Mr. Rosenberg emphasizes that his claimed invention, through computer-implementation, improves efficiency and reduces cost by collecting and analyzing performance metric data from remote locations “in real time.” Appellant's Br. at 7. But as the Board correctly noted, the claims do not require the collection or analysis of data “in real time.” J.A. 19. More fundamentally, it is not enough, for patent-eligibility purposes, to improve an abstract process by invoking a computer merely as a tool for carrying out that process. Elec. Power Grp., 830 F.3d at 1354. As we recently reiterated, “’claiming the improved speed or efficiency inherent with applying the abstract idea on a computer’ [is] insufficient to render the claims patent eligible as an improvement to computer functionality.” Customedia Techs. v. Dish Network Corp., 951 F.3d 1359, 1364, slip op. 10 (Fed. Cir. 2020); Interval Licensing, 896 F.3d at 1346 (“It is well-settled that placing an abstract idea in the context of a computer does not ‘improve’ the computer or convert the idea into a patent-eligible application of that idea.” (citing Alice, 573 U.S. at 222–24, 134 S.Ct. 2347)). As in Electric Power, because the claim simply invokes computer components such as a “pre-programmed module” in a generic, functional way, “the focus of the claims is not on such an improvement in computers as tools, but on certain independently abstract ideas that use computers as tools.” Elec. Power Grp., 830 F.3d at 1353. The ability to make assessments more quickly to provide instructions on whether to modify a clinical trial is at best an improvement on an abstract process itself and not a technical improvement, given the broad, non-specific nature of the claim.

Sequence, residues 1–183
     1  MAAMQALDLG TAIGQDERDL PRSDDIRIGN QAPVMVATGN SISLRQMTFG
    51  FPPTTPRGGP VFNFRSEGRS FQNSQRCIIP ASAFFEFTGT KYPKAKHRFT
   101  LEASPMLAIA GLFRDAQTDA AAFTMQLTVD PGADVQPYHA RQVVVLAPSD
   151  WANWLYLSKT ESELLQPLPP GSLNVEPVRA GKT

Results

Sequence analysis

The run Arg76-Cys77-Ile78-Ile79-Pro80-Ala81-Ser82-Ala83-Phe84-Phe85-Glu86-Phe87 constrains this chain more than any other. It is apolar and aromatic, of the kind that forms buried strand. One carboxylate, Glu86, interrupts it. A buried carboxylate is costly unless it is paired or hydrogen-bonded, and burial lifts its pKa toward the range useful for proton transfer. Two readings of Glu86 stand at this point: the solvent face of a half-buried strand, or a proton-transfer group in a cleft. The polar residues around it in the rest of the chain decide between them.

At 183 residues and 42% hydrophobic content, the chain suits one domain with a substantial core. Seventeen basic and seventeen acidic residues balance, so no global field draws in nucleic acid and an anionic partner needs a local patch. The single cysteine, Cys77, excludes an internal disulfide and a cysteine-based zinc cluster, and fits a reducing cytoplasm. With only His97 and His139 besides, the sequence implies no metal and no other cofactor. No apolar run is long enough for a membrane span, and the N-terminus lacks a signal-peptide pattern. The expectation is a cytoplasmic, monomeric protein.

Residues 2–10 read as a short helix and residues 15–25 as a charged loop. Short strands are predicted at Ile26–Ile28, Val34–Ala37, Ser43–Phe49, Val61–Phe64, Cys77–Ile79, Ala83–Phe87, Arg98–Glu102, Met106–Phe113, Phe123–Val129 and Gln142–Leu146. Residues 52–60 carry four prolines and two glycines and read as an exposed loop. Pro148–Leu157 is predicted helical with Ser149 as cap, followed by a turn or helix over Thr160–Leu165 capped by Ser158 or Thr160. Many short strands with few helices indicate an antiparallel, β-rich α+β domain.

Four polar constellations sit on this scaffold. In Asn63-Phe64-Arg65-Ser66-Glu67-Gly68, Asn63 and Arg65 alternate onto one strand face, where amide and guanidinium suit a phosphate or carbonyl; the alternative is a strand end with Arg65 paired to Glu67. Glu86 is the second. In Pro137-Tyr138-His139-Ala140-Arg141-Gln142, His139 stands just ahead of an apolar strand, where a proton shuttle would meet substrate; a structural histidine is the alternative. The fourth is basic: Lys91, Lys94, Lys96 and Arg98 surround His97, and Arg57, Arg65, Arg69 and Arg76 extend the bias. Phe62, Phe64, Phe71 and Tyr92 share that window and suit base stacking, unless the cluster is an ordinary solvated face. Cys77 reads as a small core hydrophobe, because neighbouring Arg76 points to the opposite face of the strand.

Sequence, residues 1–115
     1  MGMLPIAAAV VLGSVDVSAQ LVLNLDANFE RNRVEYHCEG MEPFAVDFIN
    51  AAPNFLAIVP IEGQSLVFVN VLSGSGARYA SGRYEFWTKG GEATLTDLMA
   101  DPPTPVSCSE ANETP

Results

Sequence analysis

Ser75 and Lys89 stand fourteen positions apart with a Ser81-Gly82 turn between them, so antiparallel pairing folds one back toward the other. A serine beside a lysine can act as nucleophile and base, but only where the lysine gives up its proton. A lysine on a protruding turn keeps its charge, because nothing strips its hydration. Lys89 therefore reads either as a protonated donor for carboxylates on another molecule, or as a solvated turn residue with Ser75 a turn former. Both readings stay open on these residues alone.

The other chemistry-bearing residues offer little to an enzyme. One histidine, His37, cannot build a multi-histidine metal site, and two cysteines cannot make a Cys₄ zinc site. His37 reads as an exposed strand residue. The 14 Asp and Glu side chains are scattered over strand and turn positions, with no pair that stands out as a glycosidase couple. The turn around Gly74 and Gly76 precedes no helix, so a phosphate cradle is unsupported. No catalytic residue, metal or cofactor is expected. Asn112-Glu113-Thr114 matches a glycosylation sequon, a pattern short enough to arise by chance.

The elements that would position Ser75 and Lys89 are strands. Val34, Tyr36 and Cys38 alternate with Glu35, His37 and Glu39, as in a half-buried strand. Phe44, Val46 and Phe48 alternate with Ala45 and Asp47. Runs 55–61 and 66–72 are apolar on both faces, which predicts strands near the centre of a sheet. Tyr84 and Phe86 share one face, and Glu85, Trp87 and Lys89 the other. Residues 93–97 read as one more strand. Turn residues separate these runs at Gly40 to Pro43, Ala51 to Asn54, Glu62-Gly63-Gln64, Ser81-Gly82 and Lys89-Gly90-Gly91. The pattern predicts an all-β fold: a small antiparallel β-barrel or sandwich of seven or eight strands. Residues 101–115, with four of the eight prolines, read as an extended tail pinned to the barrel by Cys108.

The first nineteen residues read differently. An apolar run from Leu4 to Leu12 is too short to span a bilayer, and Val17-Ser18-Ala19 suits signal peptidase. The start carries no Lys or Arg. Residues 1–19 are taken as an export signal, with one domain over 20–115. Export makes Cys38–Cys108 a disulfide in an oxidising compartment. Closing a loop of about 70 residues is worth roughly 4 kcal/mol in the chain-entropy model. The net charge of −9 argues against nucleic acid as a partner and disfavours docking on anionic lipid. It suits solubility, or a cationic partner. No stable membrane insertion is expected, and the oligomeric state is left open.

Moreover, the Board did not err in concluding that the claimed collection and analysis of a particular type of information—“performance metrics”—does not affect the eligibility analysis. “As many cases make clear, even if a process of collecting and analyzing information is ‘limited to particular content’ or a particular ‘source,’ that limitation does not make the collection and analysis other than abstract.” SAP, 898 F.3d at 1168 (citing Elec. Power Grp., 830 F.3d at 1353, 1355). In any event, collecting performance-related information would be necessary for any process with the objective of improving the performance of the trial.

Thus, we agree with the Board that the claims are directed to the abstract concept of monitoring and managing a clinical trial.

II. Alice Step 2

We also agree with the Board that the recitation of generic computer components to perform the claimed steps does not provide a transformative inventive concept. J.A. 21. Our inquiry at step 2 asks whether, considering the elements of each claim individually and as an ordered combination, the additional elements, excluding the abstract idea, transform the nature of the claim into a patent eligible application. Alice, 573 U.S. at 217, 134 S.Ct. 2347; Athena Diagnostics, Inc. v. Mayo Collaborative Servs., LLC, 927 F.3d 1333, 1347 (Fed. Cir. 2019) (Chen, J., concurring in denial of rehearing en banc). Thus, Mr. Rosenberg's arguments that novelty of the abstract idea itself—evaluating data and rendering a judgment or opinion as to how the trial should or should not be modified based on the evaluation—is the transformative inventive concept are not sufficient to meet step 2. “[A] claim for a new abstract idea is still an abstract idea.” Synopsys, Inc. v. Mentor Graphics Corp., 839 F.3d 1138, 1151 (Fed. Cir. 2016).